I don’t really want to whine. Just to note that once again, I feel like Charlie Brown, year after year believing Lucy when she promised not to take away the football. Somehow, I really thought Internet access would be easier on this trip. But once again, it’s been amazingly challenging to get online. Our hotel in Kisoro, the Traveler’s Rest (which gorillista Dian Fossey reportedly considered to be her second home), claims on their website to have wifi. But we didn’t even have electricity for parts of our stay there. There was a decent Internet cafe 5 minutes from the hotel. But both full days that we were in Kisoro were crammed with hiking — one day tracking gorillas and the other trekking with local pygmies.
Both those experiences deserve posts of their own, and I’m going to try to write them now from the Hotel Paradis Malahide. It’s about 90 minutes from the border crossing where we passed from Uganda into Rwanda this morning. The hotel is a rustic place on the shore of Lake Kivu. They say that early in the morning, when the air is clear, we’ll be able to see the Congo on the far side of the lake. Tomorrow we’ll go biking in the Rwanda hills with Tom Tofield, an expat Englishman who runs a tour company. But this afternoon it feels delicious to hunker down and catch up — with e-mail, blog posts, and photo organization.
With luck, our good Internet access should continue for at least another week or so. But here (NOW I remember!) you never know. When we can’t get online, I’ve also been tweeting (@jdewyze) with my Twitter feed linking to the blog page (though now that we’re in Rwanda, we’re having trouble with our cell phones.)
Sunday, January 15
For the first time since our arrival in Ethiopia 18 days ago, we should have uninterrupted Internet until our departure from Frankfurt Wednesday morning. We bought a local SIM card for my phone on our very first morning, and our guide assured us we should be able to access the Internet on it. He did on his phone, routinely.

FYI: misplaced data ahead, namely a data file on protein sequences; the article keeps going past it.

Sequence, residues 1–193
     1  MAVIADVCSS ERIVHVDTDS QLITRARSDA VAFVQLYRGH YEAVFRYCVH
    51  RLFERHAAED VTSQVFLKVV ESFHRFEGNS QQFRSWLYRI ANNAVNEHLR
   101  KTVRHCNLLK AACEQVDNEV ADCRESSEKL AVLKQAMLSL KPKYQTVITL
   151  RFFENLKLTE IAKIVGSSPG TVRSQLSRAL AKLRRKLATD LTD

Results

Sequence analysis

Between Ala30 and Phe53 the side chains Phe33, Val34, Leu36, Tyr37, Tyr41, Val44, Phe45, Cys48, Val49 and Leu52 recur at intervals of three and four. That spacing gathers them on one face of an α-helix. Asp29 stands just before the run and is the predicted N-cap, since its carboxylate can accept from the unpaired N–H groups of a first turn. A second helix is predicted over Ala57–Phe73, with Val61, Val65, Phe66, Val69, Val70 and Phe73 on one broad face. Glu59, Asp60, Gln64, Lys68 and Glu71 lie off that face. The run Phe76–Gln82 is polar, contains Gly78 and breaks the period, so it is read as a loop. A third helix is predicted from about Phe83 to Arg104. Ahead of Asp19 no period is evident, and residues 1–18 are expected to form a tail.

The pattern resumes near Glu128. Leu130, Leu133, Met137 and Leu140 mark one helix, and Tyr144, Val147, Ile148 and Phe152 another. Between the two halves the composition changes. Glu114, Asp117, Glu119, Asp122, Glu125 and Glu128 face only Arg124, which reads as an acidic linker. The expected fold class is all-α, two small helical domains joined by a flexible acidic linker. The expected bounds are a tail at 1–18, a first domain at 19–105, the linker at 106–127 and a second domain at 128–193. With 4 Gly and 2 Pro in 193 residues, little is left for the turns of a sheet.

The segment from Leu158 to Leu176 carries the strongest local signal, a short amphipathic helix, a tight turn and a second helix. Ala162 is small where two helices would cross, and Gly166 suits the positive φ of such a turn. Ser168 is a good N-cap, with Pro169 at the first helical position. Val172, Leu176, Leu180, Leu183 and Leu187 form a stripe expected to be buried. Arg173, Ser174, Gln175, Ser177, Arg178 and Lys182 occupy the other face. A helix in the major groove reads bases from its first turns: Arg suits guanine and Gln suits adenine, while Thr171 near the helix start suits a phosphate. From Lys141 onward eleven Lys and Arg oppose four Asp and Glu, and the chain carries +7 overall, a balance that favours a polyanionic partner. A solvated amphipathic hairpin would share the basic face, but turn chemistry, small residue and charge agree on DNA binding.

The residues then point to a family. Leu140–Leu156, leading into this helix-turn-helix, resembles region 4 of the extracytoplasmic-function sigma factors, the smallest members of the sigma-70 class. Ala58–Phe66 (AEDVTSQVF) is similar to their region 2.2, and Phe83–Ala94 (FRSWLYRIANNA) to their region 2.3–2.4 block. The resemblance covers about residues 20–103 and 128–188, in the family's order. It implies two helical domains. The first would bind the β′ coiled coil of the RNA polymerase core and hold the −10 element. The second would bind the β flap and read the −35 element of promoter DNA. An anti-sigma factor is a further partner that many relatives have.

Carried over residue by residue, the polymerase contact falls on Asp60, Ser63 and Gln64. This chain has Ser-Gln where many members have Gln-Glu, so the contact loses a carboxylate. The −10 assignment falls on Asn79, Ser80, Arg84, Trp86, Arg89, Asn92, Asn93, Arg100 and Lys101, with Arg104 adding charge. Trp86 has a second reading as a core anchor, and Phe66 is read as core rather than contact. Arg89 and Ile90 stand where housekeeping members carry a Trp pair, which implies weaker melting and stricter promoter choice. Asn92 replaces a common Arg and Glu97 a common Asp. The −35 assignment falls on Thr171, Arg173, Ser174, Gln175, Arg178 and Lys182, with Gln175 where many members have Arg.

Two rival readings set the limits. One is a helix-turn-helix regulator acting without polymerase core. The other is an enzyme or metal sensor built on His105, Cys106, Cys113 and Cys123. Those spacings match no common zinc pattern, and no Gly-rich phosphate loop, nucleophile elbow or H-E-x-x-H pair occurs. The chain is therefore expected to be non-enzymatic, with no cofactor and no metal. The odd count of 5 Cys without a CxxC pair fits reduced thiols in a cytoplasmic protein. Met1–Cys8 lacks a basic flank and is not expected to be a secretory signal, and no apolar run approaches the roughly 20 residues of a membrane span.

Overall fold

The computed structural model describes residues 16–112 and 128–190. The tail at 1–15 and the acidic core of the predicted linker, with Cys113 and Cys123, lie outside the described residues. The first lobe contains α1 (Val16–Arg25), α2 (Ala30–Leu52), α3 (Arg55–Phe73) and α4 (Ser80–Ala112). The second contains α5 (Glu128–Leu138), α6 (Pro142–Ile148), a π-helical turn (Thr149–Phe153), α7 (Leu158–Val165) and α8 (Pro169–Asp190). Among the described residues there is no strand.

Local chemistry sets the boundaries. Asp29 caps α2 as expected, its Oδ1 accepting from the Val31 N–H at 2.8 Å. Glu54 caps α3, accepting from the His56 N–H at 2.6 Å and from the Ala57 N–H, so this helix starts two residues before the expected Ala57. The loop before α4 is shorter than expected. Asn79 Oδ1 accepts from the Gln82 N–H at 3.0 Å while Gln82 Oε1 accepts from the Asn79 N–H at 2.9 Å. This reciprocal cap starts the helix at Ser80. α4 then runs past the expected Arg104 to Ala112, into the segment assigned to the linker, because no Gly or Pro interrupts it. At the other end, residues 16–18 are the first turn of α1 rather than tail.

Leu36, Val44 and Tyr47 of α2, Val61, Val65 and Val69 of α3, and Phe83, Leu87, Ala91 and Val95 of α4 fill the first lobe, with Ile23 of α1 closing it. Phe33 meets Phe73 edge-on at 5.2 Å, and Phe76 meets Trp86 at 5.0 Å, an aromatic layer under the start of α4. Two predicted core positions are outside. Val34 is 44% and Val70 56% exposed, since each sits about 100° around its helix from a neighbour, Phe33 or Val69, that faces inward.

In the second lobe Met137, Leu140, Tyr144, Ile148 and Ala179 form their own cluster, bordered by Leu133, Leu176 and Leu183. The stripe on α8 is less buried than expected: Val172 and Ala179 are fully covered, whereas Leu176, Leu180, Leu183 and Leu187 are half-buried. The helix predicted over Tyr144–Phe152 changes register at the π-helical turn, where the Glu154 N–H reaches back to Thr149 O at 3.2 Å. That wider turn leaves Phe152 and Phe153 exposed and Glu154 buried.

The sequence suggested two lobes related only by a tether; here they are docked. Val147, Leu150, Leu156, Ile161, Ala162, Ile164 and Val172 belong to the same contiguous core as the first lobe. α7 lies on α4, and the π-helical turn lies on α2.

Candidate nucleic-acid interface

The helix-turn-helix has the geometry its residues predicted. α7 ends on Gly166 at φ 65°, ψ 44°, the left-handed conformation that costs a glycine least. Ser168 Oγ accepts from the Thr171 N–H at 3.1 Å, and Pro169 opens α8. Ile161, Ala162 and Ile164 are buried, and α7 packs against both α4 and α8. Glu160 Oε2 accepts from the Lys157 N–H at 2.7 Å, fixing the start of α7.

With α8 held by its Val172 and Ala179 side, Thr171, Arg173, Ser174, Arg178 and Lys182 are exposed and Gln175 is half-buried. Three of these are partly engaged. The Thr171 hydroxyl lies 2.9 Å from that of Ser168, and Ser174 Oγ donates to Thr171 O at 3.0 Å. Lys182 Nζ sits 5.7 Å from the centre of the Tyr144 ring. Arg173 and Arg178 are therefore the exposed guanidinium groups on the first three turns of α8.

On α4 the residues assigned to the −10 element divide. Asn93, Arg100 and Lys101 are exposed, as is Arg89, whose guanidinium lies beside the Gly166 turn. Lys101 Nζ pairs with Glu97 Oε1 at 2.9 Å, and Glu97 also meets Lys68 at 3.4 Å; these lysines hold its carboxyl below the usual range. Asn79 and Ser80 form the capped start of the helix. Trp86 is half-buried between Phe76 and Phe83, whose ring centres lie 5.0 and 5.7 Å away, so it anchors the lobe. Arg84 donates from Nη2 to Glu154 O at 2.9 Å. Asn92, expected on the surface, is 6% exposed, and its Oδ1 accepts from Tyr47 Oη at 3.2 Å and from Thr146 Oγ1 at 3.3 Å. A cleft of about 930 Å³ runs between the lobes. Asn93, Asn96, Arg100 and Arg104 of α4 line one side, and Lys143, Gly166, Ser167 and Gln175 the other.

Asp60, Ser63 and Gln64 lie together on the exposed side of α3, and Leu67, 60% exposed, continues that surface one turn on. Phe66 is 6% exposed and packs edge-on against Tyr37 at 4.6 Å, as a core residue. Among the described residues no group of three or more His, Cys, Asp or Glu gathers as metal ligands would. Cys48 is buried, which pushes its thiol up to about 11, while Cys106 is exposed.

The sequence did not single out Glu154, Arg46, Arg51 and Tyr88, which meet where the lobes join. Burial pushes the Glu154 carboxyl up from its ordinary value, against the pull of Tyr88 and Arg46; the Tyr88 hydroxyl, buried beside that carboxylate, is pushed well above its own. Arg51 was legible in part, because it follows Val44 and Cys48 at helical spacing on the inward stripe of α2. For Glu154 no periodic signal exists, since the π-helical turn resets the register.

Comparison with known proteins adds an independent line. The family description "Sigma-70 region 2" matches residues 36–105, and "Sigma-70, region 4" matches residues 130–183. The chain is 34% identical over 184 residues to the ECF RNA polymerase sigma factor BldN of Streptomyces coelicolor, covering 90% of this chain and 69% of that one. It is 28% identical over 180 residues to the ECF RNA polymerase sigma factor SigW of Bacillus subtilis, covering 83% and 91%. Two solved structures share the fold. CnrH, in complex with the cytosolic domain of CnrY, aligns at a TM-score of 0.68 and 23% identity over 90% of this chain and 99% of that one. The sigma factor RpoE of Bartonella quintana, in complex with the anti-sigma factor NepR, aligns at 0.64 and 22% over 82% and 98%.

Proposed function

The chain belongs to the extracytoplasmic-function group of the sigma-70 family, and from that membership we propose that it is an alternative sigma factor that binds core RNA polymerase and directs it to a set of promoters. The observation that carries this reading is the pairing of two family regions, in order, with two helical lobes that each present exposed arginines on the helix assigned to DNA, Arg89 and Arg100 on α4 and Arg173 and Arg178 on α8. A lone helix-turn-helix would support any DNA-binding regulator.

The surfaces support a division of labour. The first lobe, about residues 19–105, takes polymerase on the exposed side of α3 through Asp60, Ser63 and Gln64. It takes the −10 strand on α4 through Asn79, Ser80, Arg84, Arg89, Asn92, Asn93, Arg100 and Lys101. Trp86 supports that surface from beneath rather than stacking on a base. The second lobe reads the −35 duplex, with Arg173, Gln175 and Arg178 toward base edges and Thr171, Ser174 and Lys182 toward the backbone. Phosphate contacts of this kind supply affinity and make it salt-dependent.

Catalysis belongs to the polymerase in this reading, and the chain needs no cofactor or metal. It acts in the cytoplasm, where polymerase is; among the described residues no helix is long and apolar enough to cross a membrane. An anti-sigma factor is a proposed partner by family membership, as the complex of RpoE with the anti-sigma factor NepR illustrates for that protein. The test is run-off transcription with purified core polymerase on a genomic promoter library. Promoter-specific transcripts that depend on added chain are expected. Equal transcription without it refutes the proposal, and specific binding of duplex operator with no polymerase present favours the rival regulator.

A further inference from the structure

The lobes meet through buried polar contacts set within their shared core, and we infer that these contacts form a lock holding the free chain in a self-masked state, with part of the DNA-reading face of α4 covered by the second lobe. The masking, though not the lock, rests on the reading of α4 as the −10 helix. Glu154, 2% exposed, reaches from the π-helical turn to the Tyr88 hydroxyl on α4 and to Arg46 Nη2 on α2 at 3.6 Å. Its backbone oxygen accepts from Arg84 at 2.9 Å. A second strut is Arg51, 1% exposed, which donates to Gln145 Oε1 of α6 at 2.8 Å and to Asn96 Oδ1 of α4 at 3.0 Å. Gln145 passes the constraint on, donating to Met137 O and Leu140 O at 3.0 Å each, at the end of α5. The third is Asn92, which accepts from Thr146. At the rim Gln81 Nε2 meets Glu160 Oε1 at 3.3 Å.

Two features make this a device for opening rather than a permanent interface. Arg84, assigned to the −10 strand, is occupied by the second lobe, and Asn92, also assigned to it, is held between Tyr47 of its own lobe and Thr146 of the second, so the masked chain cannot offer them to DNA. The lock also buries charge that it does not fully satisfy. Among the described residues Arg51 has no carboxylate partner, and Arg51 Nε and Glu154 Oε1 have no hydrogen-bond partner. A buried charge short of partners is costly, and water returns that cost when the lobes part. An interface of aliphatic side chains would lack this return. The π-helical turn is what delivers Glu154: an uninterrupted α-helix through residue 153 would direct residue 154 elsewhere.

But although I’ve used the phone a lot to make calls and text people within Addis, it never would allow me to get online. Various folks told me I needed to call the central Ethiopian telecommunications office, to get them to turn that feature on. We dialed and dialed; were cut off and put on endless holds. Finally I gave up.
But I’ve been writing, almost every day. And we just arrived back at out guest house in Addis, where we’ll spend out last day and a half.What follows is what would have appeared, had we not encountered those road blocks on the Ethiopian information highway.
Thursday, March 11
Can the Internet in Nigeria possibly be so much better than it is in South Africa? But if it isn’t, how could all those scammers possibly operate, without dying of frustration??@!! As I’ve been doing.
I’m now sitting in the lounge of the most expensive hotel we will enjoy on this trip, one of the nicest hotels, in fact, I’ve ever stayed at. The Internet actually WORKS here, unlike the very nice place we stayed last night, where it theoretically works, except when it’s raining. Which it was, when I tried to use it. The quite nice place where we stayed the night before had no wi-fi. Frank, the manager, used it only via some card he plugged into his computer. Very confusing.
My problem now is that I THOUGHT I just uploaded four posts, written over the past three days. But I don’t see them yet. Can they be lost in cyberspace? Is blogspot aging them, like fine bourbon?
Posted my first message to this blog from the airport this morning, then got a message saying that it could not be sent to the Google group that I set up. Board plane and learned I could get wifi for $12.95 (for this flight.) That’s the good news. Bad news is I’ve only got 40% of my battery left, and we have no connection to the on-board power.
I just changed a setting and am hoping this message goes through. If you get an e-mail saying it was posted, somebody send me a word or two saying it came through. Gracias!